Understanding Human-Elephant Conflict


Save the Elephants

Date Published

On the shores of Lake Jipe, which straddles the border between Kenya and Tanzania, an uneasy standoff persists—not between belligerent armies, but humans and elephants. In this area, which is on the western boundary of Kenya’s Tsavo West National Park, elephants make daily visits to the lake to eat the reeds that grow near the shore. After spending most of the day feeding, the elephants make their way inland along a route that takes them within a stone’s throw of several local villages, where locals watch them warily.

To conservationists and tourists, the elephants are magnificent. To many villagers, who depend on the lake to fish for tilapia, attitudes towards the elephants range from annoyed indifference to outright fear. Wanting to better understand how the local denizens perceive the animals, researchers working with Save the Elephants conducted surveys; they published their results in Pachyderm.

“The paper really highlights how it’s so important to understand the feelings of people who live with elephants,” said study co-author Dr Lydia Tiller, STE’s Tsavo Research Manager. “That’s really crucial for elephant conservation.”

In 2018, STE began fitting elephants in Tsavo with radio collars to track their movements and better understand human-elephant conflict. They discovered that the elephants were impacting local people’s lives. That led them to investigate the locals’ attitudes toward the animals.

“A lot of people in the West really love elephants,” Tiller said. “But if we don’t understand the feelings of the people who actually live with elephants, whose everyday reality can be  problematic elephants, then any interventions that we make will fail.” Occasionally, conservation groups come into areas where human-animal conflict exists, but don’t make an effort to understand how locals feel about the very animals they’re trying to save, she added.

Tiller and her colleagues conducted questionnaires of 63 residents of three fishing villages in the area, and carried out fifteen additional interviews with key members of the area. They also spoke to two representatives of the Kenya Wildlife Service. They combined the findings of the interviews with tracking data from a bull elephant named Manolo, whom the researchers had collared in 2018.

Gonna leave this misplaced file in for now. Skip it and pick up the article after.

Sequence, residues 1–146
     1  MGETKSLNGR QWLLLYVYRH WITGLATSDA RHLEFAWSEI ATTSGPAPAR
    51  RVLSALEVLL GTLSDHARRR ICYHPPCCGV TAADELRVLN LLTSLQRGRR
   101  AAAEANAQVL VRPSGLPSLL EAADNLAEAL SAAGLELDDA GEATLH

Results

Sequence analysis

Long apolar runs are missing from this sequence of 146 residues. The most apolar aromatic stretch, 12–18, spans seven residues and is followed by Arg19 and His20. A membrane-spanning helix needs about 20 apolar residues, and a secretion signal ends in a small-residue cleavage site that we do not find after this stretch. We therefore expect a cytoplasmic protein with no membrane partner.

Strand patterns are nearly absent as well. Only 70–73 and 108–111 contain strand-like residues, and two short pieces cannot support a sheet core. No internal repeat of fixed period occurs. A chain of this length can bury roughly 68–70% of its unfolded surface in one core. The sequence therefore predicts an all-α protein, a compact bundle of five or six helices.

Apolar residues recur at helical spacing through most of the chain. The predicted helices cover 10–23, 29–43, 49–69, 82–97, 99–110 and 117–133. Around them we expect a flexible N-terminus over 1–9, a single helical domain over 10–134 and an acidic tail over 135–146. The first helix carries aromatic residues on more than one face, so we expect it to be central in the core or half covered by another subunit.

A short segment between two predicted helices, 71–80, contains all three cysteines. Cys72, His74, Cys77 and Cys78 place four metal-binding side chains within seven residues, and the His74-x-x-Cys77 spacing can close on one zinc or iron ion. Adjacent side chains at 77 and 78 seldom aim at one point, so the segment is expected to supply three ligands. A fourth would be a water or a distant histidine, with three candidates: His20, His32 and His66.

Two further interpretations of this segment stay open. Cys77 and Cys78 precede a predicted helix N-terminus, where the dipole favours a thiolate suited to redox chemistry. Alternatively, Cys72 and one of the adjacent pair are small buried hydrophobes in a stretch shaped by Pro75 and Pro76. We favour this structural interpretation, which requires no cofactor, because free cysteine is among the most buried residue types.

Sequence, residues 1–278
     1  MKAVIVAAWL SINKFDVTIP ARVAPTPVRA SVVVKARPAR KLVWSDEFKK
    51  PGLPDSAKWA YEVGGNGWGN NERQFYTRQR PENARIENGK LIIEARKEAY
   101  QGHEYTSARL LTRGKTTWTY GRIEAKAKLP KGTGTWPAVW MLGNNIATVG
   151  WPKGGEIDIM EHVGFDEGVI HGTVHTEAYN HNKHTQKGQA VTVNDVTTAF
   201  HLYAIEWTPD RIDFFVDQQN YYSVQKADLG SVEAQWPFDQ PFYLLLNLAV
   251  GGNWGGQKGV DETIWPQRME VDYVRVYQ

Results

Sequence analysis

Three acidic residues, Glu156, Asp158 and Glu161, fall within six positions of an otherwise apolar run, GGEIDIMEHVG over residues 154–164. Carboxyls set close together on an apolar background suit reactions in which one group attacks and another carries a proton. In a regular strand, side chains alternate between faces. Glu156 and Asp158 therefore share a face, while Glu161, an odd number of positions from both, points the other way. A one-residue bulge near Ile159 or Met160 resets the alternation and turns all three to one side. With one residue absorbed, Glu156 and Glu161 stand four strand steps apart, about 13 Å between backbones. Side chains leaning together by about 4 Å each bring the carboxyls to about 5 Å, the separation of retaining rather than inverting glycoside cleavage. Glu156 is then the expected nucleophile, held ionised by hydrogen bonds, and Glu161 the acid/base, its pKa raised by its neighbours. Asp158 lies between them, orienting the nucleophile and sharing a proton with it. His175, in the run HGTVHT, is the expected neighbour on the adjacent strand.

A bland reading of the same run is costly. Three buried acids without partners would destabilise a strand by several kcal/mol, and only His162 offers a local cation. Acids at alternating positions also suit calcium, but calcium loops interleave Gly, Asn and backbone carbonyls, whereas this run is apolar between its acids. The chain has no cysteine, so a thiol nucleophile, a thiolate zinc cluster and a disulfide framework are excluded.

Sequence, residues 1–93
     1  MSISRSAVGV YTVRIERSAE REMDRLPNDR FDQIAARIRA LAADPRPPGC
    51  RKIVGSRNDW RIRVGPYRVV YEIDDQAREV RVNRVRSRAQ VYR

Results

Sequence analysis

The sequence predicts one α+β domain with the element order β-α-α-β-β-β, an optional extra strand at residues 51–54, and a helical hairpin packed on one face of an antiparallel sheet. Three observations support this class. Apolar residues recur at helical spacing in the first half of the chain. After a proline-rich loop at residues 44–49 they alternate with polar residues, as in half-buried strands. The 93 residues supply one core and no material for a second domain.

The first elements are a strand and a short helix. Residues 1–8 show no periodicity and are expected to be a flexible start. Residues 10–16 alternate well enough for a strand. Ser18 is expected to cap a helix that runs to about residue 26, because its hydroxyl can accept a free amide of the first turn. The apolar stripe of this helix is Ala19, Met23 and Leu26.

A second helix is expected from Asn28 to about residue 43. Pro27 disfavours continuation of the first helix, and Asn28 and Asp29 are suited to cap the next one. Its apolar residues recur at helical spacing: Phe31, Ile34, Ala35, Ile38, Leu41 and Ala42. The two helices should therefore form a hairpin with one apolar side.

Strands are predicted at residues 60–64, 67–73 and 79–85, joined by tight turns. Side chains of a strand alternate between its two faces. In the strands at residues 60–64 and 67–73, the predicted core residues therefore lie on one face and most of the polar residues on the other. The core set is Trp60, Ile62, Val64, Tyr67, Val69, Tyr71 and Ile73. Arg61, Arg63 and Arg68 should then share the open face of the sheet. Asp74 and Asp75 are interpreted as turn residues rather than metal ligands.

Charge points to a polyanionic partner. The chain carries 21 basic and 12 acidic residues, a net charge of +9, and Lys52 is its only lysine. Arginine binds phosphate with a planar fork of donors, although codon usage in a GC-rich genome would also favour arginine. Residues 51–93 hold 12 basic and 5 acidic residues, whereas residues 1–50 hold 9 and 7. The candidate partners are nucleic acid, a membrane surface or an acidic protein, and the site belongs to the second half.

The majority of people Tiller and her colleagues spoke to said they saw elephants every day, adding that their presence has become more common in recent years. The tracking data supported those assertions: Manolo spent a great deal of time along Jipe’s shoreline, and regularly travelled near or directly through the villages there.

Some of the respondents said they felt privileged to live near elephants and even like seeing them, despite being afraid. Many more, however, said they saw no benefits from having elephants around, and that the animals made their lives harder. Tiller said that villagers sometimes had difficulty fishing, because Manolo and his comrades were in the way. The villagers also said elephants have lately gotten more aggressive, and there had been instances of elephants injuring people.

Despite these issues—and the communities’ varied attitudes about them—people living near Lake Jipe appear to live in a state of passive coexistence with the elephants. They have never killed an elephant in retaliation, for example. That places them at about the middle of what researchers call the conflict-to-coexistence continuum, a framework for understanding human-animal interactions. But the community are “very much at a tipping point on this continuum,” Tiller said. Pollution and overfishing of Jipe threaten their livelihood—the lake’s tilapia—and they live on the brink of poverty. And many blame the elephants for preventing them from farming: “I don’t like to live with elephants because they threaten our lives, and destroy our crops,” said one respondent. “We have land but we cannot use it. There is no fence and there is no way for us to protect our crops.”

The people also feel forgotten by the government and conservationists alike. “If an elephant is poached, helicopters and park rangers come in, and are really upset about an elephant being killed,” Tiller explained. “But if someone’s injured or killed by an elephant, a helicopter never arrives and they feel no one cares about them.” That contrast doesn’t help their tolerance of the animals or wildlife authority.”

Tiller said she hopes to share the study results with other organizations in the Jipe area to help them come up with solutions for the villagers that will prevent an escalation of conflict with the elephants. Those might include alternatives to fishing or traditional farming, such as beekeeping, expanding tourism, or planting crops the elephants don’t like to eat, like sunflowers.

Iain Douglas-Hamilton, STE’s founder, often says that the conservation of elephants will depend on how people feel and think about elephants. The new study is a major step in understanding that. “We really have to find ways to promote coexistence, and understand the community perspective and the behaviour of the elephants,” said Douglas-Hamilton. It’s a start.

Manolo walking in front of people and houses near Lake Jipe, 2019 © Ewan Brennan

Top image: Manolo walking in front of a house in Lake Jipe, 2019 © Naiya Raja